Laurinda’s Rating: 2
As the title suggestions, this unique story by Dhan Gopal Mukerji, the 1928 Newbery Medal Winner, tells the story of an Indian pigeon. The narration alternates between first person and third person. Gay-Neck the pigeon narrates some of his own sections (in a very overblown, florid style). It got to the point where I groaned whenever I read lines like “it is better to listen to Gay-Neck’s own story” (131) because I knew they heralded a switch to the torturous verbiage of a pigeon’s vocabulary.
Basically, Gay-Neck does for pigeons what Smoky the Cowhorse did for horses. Mukerji describes, in great detail, the birth, growth, and training of pigeons. Gay-Neck is born in a pigeon hole (sorry, it’s true, even if it is a bad pun) on the roof of the narrator’s house. After his parents teach him to fly, he is taken into the Himalayas to practice homing. Eagles frighten him away, causing a 10 day search through jungles and monasteries. Many (mis)adventures follow. Gay-Neck, the smartest and best of pigeons, is named their leader while training for the upcoming battles and takes grievous wounds defending his flock. Sorry. The verbiage of Gay-Neck must be seeping into my own. In few words, a buzzard almost eats him and he becomes scared of shadows. Once he heals and regains confidence, Gay-Neck sails for the battlefields of World War I to serve as a message carrier. He successfully completes several critical missions, before returning to India damaged in body and mind. The little bird came down with a case of PTSD. Some time in a monastery cured everything, and everyone lived happily ever after. Maybe.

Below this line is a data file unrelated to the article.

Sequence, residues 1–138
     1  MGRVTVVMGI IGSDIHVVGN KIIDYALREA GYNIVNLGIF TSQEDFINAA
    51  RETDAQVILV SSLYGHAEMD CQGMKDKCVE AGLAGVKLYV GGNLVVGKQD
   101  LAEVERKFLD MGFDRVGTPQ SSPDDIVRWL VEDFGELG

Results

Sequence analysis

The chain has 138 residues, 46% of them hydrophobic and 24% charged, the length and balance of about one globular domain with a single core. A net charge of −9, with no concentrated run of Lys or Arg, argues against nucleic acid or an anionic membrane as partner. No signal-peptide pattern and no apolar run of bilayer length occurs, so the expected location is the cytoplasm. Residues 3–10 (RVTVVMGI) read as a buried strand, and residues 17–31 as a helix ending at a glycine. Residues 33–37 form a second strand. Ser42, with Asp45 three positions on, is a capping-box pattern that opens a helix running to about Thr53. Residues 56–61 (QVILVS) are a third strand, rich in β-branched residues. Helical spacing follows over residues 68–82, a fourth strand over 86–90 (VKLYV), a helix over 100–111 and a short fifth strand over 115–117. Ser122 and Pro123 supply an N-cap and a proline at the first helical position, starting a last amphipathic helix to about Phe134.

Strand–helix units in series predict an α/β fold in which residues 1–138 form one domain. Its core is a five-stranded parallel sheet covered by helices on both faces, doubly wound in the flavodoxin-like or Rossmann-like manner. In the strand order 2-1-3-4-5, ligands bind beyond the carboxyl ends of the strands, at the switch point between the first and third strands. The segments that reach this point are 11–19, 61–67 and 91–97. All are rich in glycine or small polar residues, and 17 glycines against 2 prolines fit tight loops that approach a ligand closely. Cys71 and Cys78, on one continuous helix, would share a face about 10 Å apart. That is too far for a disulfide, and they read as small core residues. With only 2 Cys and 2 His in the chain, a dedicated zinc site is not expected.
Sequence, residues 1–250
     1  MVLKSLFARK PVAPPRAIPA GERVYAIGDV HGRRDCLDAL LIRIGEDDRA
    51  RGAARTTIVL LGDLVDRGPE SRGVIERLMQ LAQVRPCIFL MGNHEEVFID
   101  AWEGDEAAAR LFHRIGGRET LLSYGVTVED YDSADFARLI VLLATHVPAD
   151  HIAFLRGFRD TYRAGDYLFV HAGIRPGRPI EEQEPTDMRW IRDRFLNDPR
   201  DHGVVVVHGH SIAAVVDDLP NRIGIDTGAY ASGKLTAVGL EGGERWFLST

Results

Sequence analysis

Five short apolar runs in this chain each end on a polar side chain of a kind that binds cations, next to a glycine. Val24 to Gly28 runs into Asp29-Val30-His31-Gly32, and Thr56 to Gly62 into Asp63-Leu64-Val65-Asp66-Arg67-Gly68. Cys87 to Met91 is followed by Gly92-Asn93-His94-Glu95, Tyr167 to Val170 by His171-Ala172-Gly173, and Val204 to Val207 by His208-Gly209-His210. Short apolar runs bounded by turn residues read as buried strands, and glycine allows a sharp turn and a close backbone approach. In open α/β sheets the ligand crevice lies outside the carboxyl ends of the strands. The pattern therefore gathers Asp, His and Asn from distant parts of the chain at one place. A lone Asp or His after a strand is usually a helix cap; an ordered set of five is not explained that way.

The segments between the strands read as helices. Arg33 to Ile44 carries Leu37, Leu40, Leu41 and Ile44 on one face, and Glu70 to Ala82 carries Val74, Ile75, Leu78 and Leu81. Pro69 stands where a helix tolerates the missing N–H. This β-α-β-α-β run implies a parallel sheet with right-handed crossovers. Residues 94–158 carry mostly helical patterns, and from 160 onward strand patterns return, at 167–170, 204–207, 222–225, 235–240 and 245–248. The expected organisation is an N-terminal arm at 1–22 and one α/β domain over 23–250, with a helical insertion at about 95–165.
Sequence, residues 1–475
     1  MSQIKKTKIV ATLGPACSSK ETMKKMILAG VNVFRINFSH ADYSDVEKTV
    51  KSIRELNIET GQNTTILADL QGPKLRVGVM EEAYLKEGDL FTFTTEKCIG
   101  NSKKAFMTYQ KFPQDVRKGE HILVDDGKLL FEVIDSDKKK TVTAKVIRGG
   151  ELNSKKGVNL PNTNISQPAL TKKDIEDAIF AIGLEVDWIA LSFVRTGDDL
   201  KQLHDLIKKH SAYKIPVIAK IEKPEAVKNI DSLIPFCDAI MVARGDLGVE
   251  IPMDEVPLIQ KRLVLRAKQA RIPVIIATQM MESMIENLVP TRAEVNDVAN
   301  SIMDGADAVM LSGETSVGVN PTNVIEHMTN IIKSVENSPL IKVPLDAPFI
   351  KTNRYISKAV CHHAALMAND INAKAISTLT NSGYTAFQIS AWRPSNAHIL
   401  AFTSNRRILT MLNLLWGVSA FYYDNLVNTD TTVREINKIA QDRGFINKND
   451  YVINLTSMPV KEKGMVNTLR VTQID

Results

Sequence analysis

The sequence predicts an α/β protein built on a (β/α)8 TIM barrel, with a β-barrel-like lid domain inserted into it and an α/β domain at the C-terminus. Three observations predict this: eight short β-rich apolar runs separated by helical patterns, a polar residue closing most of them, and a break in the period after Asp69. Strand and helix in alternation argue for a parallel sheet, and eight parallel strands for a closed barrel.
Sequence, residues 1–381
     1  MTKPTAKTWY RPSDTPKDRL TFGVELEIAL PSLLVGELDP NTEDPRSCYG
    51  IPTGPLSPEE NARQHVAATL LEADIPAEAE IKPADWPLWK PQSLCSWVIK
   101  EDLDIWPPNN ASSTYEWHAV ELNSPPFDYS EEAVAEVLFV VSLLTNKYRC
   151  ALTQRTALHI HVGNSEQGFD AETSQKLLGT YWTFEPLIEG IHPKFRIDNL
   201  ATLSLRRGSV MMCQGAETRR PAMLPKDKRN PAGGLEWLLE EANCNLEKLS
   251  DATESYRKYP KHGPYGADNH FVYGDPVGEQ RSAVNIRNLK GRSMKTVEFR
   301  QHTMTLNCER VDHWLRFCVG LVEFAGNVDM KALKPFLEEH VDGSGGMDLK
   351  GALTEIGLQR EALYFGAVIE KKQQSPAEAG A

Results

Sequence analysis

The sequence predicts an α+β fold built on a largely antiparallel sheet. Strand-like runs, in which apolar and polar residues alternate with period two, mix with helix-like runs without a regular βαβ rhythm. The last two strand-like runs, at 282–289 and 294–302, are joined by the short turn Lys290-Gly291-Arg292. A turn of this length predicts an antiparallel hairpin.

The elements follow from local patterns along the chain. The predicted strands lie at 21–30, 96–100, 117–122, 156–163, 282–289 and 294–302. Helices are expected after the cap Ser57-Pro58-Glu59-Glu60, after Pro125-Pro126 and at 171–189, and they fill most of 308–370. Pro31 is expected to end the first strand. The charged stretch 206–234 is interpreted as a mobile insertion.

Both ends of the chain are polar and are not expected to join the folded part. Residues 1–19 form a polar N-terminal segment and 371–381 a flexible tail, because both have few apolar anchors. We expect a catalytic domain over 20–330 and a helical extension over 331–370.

Ironically, my favorite sections of the story are complete opposites. My #1 favorite was when Gay-Neck carried messages during World War I. The plot was stronger and action much more constant, linear, and meaningful. Instead of the narrator scampering after a wayward pigeon, handler Ghond and Gay-neck undertook legitimately dangerous missions to help the Indian units gather crucial intelligence. The Germans knew Gay-Neck’s purpose and tried their hardest to kill him. The author’s penchant for detailed description also creates empathy for Gay-Neck and Ghond when they are sent back to India with PTSD. My second favorite were parts involving the lamaseries and monasteries. The teachings of the monks are quite quotable and inspired me to sit down and really think about the content of the sayings. They provide a counterbalance and a cure for the fear which life brings; they heal Gay-Neck and try to heal the wider world.
Stylistically, the story is very richly described. For my own taste, the level of descriptive detail was so high that it was distracting from the (fairly lame) plot. I can only take so many dense jungles, sparkling pigeon feathers, etc. etc. However, if you were reading this aloud to a kid, the description might work. Might. I advice just looking at the pictures, myself.
Overall, I can’t recommend this book. While it does paint a fairly rich picture of early twentieth century India, the plot is underdeveloped, character growth (other than the physical) is non-existent, and the writing style is just plain tedious.